Politicians and media would ‘draw own conclusions’ if Ofsted grades scrapped – DfE

'The priority is to look for ways to improve the current system rather than developing an alternative to it'

'The priority is to look for ways to improve the current system rather than developing an alternative to it'

Scrapping single-phrase Ofsted judgments would lead to civil servants, politicians and the media “drawing their own conclusions” about education providers from the narrative in reports, the government has warned.

The Department for Education this week rejected calls from the Parliamentary education committee for the four overall effectiveness judgments to be scrapped.

MPs said in January that a more “nuanced” alternative to the “totemic” judgments should be developed as a “priority”, following the death of headteacher Ruth perry.

A coroner ruled in December that an Ofsted inspection at Caversham Primary School contributed to her suicide.

In its formal response to the committee, the DfE said that “the government will continue to listen to views and look at alternative systems, including the various approaches taken internationally”.

But they added “the government’s view is that there are significant benefits from having an Ofsted overall effectiveness grade”.

“In our view the priority is to look for ways to improve the current system rather than developing an alternative to it. This includes considering with Ofsted the presentation of its findings and grades, and opportunities to highlight some of the detail sitting under the summary.”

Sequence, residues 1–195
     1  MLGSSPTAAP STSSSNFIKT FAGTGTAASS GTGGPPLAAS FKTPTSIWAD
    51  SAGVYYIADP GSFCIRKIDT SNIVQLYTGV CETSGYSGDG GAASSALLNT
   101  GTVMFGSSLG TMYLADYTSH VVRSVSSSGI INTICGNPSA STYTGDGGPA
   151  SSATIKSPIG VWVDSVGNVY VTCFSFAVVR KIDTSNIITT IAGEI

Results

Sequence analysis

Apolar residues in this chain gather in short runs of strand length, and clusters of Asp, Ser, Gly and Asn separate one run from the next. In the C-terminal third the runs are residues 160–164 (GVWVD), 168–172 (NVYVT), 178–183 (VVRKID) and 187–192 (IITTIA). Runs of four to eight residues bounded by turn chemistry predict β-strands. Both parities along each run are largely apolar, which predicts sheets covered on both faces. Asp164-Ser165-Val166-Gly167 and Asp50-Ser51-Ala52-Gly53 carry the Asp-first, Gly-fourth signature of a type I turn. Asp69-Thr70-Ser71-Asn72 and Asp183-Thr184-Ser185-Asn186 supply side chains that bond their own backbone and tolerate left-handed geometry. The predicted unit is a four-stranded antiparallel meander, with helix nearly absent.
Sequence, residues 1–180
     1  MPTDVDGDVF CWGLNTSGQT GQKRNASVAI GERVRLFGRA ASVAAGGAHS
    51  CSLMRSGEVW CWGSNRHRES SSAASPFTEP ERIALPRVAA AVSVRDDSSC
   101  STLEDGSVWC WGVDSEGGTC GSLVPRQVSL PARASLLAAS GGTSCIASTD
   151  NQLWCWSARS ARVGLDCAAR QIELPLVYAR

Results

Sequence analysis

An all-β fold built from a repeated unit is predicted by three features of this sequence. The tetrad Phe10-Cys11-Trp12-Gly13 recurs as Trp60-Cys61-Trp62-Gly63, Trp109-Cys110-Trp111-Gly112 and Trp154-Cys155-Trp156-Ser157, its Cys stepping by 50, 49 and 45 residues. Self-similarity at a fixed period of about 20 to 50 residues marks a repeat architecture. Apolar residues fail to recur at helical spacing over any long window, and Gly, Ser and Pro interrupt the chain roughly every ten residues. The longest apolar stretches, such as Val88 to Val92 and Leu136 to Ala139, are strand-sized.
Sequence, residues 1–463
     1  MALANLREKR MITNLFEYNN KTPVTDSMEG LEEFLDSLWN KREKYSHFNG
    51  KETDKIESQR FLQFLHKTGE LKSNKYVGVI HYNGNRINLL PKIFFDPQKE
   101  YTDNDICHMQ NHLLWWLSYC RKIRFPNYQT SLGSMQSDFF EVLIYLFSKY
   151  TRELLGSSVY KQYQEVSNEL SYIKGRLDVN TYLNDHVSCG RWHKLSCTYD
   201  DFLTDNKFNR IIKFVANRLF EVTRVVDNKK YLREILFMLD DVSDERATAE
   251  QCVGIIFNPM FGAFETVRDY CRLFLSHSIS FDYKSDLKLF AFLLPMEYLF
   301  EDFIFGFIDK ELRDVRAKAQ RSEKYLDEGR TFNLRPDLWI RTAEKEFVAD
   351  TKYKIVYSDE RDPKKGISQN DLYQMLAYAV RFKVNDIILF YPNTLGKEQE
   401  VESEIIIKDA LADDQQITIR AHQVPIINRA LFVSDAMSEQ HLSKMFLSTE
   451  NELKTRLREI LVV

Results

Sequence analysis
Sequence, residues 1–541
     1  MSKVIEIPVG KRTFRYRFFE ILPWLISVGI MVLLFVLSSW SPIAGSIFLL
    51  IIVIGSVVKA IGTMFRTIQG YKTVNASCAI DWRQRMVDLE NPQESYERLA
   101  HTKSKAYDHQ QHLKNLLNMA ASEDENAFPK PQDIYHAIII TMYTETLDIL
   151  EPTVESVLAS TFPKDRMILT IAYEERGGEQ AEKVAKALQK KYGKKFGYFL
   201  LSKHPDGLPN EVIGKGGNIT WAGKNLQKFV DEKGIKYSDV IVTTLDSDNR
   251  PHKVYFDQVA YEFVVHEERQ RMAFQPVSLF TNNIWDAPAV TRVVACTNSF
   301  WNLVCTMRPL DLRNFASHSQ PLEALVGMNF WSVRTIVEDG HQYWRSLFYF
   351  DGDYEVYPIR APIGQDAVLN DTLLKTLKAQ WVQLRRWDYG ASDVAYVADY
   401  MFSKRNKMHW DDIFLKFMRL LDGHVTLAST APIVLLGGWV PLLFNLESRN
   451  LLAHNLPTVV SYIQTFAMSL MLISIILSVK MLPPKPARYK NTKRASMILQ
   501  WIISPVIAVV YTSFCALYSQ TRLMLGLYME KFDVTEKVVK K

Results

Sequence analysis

‘Consider the risks’ of scrapping grades

The DfE added that it was “important to consider the risks of a system without an overall effectiveness grade”.

Views and decisions about education providers and their performance “would continue to be made, and there would continue to be consequences to inspection”.

“The government’s view is that it is preferable to have those views, decisions and consequences linked directly to the independent inspectorate’s overall findings rather than the interpretations by civil servants, politicians and the media looking through the narrative of reports and drawing their own conclusions.”

Robin Walker MP
Robin Walker MP

The department said the overall effectiveness judgment was an “important feature” of reports, with “strong parental awareness”.

It also “enables us to look across inspection outcomes around the country and observe overall changes in the national position”.

“For example, we are able to say that 9 in 10 schools in England have been assessed by Ofsted to be providing a good or outstanding education for their pupils. We are able to recognise the hard work and professionalism of leaders, teachers and staff, and to celebrate that achievement.”

Committee chair Robin Walker said it was “welcome to hear from DfE that it is open to ideas about how the single-word judgements system could be improved upon”.